Arduboy Business Card Plays Tetris, Might Be for Sale - TIME
TIME Gadgets

Business Card Plays Tetris, Might Be for Sale Soon

TAKE MY MONEY!

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The above video showcases a credit card-sized whatsit with a built-in screen, control pad and two buttons. It plays Tetris! If you’re not convinced by now that we’re either at or very near the pinnacle of human ingenuity, I’m not sure I’d ever be able to convince you otherwise and I’m not sure it’s worth your time to keep reading this. We should amicably go our separate ways.

For the rest of you, this project is called Arduboy. It’s about a millimeter and a half thick and apparently packs north of nine hours of battery life. Its creator, Kevin Bates, created the proof-of-concept you see in the above video and has plans to roll out a Kickstarter campaign to sell these things, complete with a website where people can share other types of software and games they create for Arduboy.

Bates writes on his site that he wants to use Kickstarter to raise $820 to cover licensing costs. I write here that he’ll probably be able to raise that amount faster than he can clear the first level of Tetris. He’ll also probably have to sell the cards without a game loaded onto them to avoid legal issues, though.

No word on how much a final version would cost, but you can visit Bates’ website to read more about how the project came together, complete with photos of the Qdoba and REI gift cards he used to test some of the early builds.

My business card plays Tetris [YouTube via The Next Web]

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One year. One city. Endless opportunities.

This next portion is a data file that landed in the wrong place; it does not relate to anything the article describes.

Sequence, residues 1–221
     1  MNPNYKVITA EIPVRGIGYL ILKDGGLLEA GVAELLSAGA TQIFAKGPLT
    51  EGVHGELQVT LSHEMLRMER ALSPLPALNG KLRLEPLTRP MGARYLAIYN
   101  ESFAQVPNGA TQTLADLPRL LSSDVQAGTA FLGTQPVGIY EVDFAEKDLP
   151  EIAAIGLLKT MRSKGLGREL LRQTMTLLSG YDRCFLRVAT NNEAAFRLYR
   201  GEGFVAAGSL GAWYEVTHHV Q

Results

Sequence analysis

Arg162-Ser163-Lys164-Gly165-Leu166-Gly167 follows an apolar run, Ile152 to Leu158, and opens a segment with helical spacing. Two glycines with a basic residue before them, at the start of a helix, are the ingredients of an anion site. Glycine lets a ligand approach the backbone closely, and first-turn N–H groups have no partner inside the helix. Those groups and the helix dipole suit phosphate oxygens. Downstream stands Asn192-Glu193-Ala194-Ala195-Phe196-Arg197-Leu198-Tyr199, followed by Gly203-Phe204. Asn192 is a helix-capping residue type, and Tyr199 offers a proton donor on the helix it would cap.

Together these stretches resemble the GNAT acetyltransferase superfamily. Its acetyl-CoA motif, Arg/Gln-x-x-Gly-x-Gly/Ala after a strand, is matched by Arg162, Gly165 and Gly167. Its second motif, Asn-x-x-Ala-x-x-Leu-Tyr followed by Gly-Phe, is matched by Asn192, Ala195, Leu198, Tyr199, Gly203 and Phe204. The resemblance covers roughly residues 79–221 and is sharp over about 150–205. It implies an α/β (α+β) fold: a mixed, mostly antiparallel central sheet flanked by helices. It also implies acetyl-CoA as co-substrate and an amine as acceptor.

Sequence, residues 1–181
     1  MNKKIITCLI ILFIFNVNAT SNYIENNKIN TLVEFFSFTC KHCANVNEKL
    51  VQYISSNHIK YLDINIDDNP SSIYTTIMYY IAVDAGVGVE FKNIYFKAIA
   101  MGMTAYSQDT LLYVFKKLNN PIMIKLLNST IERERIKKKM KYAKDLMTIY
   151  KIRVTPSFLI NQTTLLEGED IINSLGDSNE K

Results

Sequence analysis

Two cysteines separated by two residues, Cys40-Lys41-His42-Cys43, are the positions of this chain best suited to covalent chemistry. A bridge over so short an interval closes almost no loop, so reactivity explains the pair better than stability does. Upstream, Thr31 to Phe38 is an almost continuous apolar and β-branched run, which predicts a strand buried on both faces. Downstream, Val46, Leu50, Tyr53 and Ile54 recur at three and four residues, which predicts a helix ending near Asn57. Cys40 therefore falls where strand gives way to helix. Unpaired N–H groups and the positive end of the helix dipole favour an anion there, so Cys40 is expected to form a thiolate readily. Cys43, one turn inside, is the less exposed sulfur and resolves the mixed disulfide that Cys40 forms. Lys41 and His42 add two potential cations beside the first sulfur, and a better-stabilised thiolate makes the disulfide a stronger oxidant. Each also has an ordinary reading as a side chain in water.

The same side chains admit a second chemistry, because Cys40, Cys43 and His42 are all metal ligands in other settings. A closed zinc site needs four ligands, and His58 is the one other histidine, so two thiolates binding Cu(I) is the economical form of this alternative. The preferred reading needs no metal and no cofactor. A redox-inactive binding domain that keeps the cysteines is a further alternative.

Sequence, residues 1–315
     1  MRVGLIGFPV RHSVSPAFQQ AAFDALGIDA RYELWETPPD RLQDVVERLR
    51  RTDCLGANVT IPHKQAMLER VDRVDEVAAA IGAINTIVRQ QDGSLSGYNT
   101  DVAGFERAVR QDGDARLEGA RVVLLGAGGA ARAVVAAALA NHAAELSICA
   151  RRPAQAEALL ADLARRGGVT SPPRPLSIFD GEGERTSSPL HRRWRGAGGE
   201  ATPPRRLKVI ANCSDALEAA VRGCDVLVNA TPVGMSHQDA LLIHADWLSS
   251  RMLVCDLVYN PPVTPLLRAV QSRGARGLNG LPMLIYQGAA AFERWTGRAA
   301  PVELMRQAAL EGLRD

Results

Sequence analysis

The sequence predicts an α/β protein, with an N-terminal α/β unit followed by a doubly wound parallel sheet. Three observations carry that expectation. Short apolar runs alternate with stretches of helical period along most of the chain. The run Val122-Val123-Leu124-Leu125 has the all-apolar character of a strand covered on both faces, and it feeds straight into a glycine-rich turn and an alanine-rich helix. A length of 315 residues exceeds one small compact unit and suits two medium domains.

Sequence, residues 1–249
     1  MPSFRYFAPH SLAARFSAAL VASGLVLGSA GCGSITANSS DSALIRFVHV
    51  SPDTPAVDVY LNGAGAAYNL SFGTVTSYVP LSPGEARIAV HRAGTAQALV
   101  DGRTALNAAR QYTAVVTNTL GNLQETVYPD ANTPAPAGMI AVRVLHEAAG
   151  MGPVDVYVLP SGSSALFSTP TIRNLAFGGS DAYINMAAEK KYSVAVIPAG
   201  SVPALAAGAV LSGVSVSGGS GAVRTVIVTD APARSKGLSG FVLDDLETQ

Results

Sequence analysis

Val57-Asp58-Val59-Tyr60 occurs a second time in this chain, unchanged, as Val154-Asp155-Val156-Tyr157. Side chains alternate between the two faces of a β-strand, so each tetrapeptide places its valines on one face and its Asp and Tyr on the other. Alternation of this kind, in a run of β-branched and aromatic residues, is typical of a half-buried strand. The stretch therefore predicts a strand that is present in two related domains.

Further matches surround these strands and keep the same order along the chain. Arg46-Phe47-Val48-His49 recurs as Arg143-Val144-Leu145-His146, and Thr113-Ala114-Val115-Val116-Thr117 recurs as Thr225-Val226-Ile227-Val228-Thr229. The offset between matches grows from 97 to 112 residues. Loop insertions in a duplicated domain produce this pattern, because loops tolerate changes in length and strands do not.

Michigan Raid Reveals a Mysterious Islamic Sect

Later today, federal authorities are expected to explain more details behind Wednesday's raid of a suburban Detroit warehouse that revealed a mysterious Islamic sect that apparently seeks to establish an independent state based on Sharia law on American soil.

Yesterday's raid targeted Detroit-area members of the Ummah, an Islamic sect comprised mainly of American-born blacks who converted to the religion while serving prison sentences. During the raid, four of the group's members surrendered to federal authorities and were swiftly arrested. The group's local iman, Luqman Ameen Abdullah, also known as Christopher Thomas, apparently directed a weapon at authorities, and was fatally shot. Some suspects remain at large. The authorities have charged at least 11 men with an assortment of alleged crimes, including possession of firearms by a convicted felon, mail fraud, and conspiring to receive and sell stolen goods.

According to documents filed in U.S. District Court here earlier this week, Abdullah, 53, called his followers to an “offensive jihad,” rather than a “defensive jihad,” and urged them to carry, and use, firearms and swords. The documents note the group was evicted from its Detroit mosque earlier this year because it failed to pay property taxes.

The precise origins of the Ummahs are unclear. Its national leader is Jamil Abdullah Al-Amin, a militant former civil rights activist also known as H. Rap Brown. In 2002, he was convicted of fatally shooting two Georgia police officers. He is serving a life sentence at a federal prison.